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Aubrey de Grey – Delusional Life Extensionist or Visionary?

Updated on July 2, 2010

Anyone with a keen interest in extending their lifespan has read or heard something about Dr. Aubrey de Grey. He has spoken at TED, countless universities, life extension seminars and is no stranger to being interviewed by the mainstream media. Aubrey makes his prime objective clear by both his commitment and words. During the conclusion of most talks he passionately emphasizes the importance of awareness about aging.

Is Aging a Disease?

Dr. de Grey wants the world to see aging differently: as he sees it. He argues that aging is not a fact of life that should be accepted, but instead is a disease responsible for more deaths than any other condition. Since young people typically don’t have to worry about heart disease, cancer and diabetes nearly much as their elders the very root of most health problems is aging itself.

Escape Velocity or Methuselarity

The slide outlining Aubrey’s concept of escape velocity (recently re-dubbed methuselarity) is extraordinarily popular, one reason being that it’s controversial nature divides believers from skeptics. Although there are currently no proven methods to intervene in the aging process, life-extensionists point to advances in nano-engineering and stem cell research as a good indication that treatments are just around the corner.

The idea behind escape velocity is that we don’t need the very best anti-aging solutions to extend lives. We merely need to work with the best solutions available as technology progresses to catapult ourselves forward. In other words, true solutions only exist for those able to live long enough.

This de Grey guy loves beer.
This de Grey guy loves beer.

Long Live the Rich

One point that Aubrey fails to mention is that time alone does not guarantee access to the latest interventions. Another key item in the equation is money. A perfect example is the state of healthcare in rich parts of North America and Europe in comparison to the third world. We take treatments such as routine vaccinations for granted while Africans continue to die of measles. These deaths could be prevented with less than $1 worth of vaccine.

The few companies working on aging interventions such as increasing telomere length (a marker of age) are funded by wealthy individuals salivating at the chance to receive a ticket to immortality. With for-profit motives, investors and the highest bidders will benefit as soon as clinical trials deem it safe, and maybe even before.

Clearly, the first people that will be in line for authentic anti-aging treatments will be someone like Sergey Brin or Bill Gates, not your next-door neighbor and certainly not the less privileged among us.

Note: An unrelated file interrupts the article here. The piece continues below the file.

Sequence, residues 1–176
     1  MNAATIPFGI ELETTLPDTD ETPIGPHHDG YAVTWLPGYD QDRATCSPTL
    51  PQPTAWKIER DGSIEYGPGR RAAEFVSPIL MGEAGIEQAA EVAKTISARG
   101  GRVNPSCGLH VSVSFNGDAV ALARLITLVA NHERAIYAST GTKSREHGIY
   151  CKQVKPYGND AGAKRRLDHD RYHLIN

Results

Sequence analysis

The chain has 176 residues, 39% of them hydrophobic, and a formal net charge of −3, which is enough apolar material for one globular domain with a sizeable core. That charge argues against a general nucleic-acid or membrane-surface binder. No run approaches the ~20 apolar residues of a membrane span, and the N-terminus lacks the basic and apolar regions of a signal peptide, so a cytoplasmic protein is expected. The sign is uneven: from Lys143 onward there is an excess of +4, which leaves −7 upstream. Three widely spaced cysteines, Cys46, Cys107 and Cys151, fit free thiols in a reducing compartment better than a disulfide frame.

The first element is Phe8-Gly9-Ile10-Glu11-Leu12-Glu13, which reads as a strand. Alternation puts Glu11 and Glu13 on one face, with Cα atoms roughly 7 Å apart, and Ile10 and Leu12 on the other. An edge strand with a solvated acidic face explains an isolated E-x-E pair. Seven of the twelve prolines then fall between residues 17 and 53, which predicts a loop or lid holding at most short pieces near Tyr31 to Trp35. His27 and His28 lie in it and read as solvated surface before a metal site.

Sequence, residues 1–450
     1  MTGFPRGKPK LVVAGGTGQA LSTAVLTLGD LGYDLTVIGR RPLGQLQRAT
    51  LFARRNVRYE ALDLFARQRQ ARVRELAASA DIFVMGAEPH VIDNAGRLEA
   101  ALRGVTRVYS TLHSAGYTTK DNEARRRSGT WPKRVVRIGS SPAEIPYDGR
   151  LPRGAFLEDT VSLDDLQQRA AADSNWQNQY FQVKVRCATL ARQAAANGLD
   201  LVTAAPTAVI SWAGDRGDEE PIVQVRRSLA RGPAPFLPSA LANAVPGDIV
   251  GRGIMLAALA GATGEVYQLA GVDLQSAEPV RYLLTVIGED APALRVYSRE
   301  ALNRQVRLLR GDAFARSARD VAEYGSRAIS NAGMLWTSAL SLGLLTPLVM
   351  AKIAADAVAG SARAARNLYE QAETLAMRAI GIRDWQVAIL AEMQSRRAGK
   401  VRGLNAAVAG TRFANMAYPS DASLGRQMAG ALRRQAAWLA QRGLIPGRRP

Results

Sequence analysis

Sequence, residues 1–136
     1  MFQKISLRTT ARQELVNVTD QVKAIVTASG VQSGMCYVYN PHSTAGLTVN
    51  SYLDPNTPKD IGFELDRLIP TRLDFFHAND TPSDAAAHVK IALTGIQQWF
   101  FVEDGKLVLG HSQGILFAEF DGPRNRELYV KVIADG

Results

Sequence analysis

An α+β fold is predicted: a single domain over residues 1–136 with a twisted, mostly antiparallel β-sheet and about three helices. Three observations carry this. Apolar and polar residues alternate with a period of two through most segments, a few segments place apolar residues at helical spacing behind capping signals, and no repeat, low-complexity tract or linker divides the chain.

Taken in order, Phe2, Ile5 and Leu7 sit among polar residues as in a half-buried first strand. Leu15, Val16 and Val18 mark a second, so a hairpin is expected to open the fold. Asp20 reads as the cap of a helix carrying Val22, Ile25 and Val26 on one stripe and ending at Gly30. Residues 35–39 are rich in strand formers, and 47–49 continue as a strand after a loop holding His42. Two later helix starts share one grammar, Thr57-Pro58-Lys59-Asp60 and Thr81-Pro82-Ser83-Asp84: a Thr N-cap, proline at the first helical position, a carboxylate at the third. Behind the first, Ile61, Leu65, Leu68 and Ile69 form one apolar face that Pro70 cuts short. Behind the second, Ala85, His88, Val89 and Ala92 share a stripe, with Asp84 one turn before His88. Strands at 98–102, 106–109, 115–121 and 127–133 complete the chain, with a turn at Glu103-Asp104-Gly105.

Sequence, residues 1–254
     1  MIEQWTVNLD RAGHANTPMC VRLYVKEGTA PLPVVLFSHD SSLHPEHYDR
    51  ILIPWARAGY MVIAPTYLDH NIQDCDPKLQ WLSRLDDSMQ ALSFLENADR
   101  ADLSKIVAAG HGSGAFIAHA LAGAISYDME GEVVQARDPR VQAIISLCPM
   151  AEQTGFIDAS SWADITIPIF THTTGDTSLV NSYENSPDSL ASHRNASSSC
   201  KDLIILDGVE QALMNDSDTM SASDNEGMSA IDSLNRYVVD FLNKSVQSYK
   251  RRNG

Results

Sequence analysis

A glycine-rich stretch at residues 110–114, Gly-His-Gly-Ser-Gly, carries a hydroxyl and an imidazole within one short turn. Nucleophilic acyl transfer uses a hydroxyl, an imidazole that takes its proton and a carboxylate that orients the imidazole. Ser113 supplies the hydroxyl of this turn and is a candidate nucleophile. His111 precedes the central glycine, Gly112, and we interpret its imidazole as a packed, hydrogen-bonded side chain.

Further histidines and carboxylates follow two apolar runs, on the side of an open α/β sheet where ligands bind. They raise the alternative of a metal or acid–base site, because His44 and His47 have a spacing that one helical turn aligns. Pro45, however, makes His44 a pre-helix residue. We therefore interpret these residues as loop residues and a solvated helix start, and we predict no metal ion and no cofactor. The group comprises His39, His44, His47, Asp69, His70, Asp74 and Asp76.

Can We Really Fight Aging?

With all his optimistic predictions it is easy to write off de Grey as a quack. However, this assumption simply isn’t true by the very definition. A quack makes unfounded outlandish promises about a medical treatment, hoping to sell you worthless herbs and modern day “potions”.

Aubrey on the other hand sends a message of hope but promises nothing and is quick to admit that there aren’t any adequate anti-aging treatments known. He isn’t the one writing sensationalist headlines like “We Could Live to 1,000 in the Future”, it is the media. Even then, the headline reads “could” and that is the whole point. Perhaps we could do it, if the scientific establishment tried hard enough for long enough.

What skeptics often overlook is Aubrey de Grey is all about shifting our attitudes about aging. Before the research can happen on the grand scale mainstream science must also embrace the dream of defeating aging. Wealthy investors are equally important to fund the work.

A major roadblock lies in the fact that every person that tried to find the fountain of youth historically failed and died along with everyone else. Ko Hung, Roger Bacon and Juan Ponce de León didn’t want to accept the fact that life is temporary, but it didn’t stop them from dying. This viewpoint was pointed out by S. Jay Olshansky in his article entitled “Don’t fall for the cult of immortality”.

Failure in the past does not mean that success is impossible in the future. Flight was attempted for centuries and seen as “impossible” to many until the Wright brothers built the world’s first successful airplane. Perhaps a skeptical outlook is well suited to some but even skepticism cannot deny that immortality is possible, even if it is to happen far beyond our lifetimes.

Conclusion

Aubrey de Grey likes to sip on pints of beer dreaming of the society of immortal, god-like beings as proven by a recent documentary about his life and work. He has the hugest aspirations but doesn’t have a tiny fraction of the resources need to follow his vision through.

Maybe the problem isn’t that Aubrey is crazy, it is that the world we live in isn’t crazy enough. If scientific credibility is attained by playing it safe, hopefully the next generation will prize the notion of the mad scientist that is willing to test anything. Sometimes it takes a little dumb luck to get it right.

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      Nicolas 7 years ago

      "Maybe the problem isn’t that Aubrey is crazy, it is that the world we live in isn’t crazy enough."

      Very well said, which reminds me of this:

      "The reasonable man adapts himself to the world; the unreasonable one persists in trying to adapt the world to himself. Therefore, all progress depends on the unreasonable man." - George Bernard Shaw

      Or maybe that:

      "I do not believe in a fate that falls on men however they act but I do believe in a fate that falls on them unless they act." - Buddha